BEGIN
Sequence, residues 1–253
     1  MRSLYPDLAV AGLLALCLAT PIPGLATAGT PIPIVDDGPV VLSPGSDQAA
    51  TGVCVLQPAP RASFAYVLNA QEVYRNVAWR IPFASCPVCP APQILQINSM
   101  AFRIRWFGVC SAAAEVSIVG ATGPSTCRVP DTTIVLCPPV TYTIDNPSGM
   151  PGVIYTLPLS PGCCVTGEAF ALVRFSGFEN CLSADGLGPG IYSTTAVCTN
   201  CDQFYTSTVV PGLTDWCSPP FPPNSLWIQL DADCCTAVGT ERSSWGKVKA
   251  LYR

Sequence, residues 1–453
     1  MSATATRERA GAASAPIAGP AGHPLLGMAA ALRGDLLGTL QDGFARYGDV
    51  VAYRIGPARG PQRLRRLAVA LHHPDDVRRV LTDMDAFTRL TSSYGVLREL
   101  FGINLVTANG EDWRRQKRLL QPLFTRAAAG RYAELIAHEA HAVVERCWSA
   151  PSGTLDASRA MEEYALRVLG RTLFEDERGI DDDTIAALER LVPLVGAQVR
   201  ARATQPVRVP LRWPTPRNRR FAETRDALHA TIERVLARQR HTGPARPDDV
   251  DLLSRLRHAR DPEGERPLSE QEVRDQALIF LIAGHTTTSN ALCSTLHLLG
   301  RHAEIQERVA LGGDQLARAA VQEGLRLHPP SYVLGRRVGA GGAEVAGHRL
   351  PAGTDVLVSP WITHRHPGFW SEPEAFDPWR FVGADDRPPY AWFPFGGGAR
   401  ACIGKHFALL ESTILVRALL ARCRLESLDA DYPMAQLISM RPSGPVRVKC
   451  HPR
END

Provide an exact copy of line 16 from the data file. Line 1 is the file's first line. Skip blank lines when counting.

   351  PAGTDVLVSP WITHRHPGFW SEPEAFDPWR FVGADDRPPY AWFPFGGGAR